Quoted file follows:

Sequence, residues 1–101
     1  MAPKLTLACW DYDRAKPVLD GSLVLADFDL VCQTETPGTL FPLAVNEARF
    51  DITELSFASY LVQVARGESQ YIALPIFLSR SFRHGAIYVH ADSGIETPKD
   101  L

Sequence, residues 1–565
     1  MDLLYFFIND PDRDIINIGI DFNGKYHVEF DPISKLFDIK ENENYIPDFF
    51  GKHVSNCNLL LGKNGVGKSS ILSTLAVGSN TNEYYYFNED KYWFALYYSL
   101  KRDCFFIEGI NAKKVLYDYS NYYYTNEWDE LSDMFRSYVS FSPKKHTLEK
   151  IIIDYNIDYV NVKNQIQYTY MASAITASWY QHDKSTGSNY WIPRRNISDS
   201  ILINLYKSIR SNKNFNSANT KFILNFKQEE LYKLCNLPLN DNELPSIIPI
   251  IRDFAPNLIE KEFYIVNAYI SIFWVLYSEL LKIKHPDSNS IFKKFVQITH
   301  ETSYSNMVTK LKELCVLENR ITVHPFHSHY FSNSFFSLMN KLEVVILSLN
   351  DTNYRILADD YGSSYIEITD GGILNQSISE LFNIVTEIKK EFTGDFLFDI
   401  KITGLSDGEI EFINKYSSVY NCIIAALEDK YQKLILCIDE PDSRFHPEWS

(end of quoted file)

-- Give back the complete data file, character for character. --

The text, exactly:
Sequence, residues 1–101
     1  MAPKLTLACW DYDRAKPVLD GSLVLADFDL VCQTETPGTL FPLAVNEARF
    51  DITELSFASY LVQVARGESQ YIALPIFLSR SFRHGAIYVH ADSGIETPKD
   101  L

Sequence, residues 1–565
     1  MDLLYFFIND PDRDIINIGI DFNGKYHVEF DPISKLFDIK ENENYIPDFF
    51  GKHVSNCNLL LGKNGVGKSS ILSTLAVGSN TNEYYYFNED KYWFALYYSL
   101  KRDCFFIEGI NAKKVLYDYS NYYYTNEWDE LSDMFRSYVS FSPKKHTLEK
   151  IIIDYNIDYV NVKNQIQYTY MASAITASWY QHDKSTGSNY WIPRRNISDS
   201  ILINLYKSIR SNKNFNSANT KFILNFKQEE LYKLCNLPLN DNELPSIIPI
   251  IRDFAPNLIE KEFYIVNAYI SIFWVLYSEL LKIKHPDSNS IFKKFVQITH
   301  ETSYSNMVTK LKELCVLENR ITVHPFHSHY FSNSFFSLMN KLEVVILSLN
   351  DTNYRILADD YGSSYIEITD GGILNQSISE LFNIVTEIKK EFTGDFLFDI
   401  KITGLSDGEI EFINKYSSVY NCIIAALEDK YQKLILCIDE PDSRFHPEWS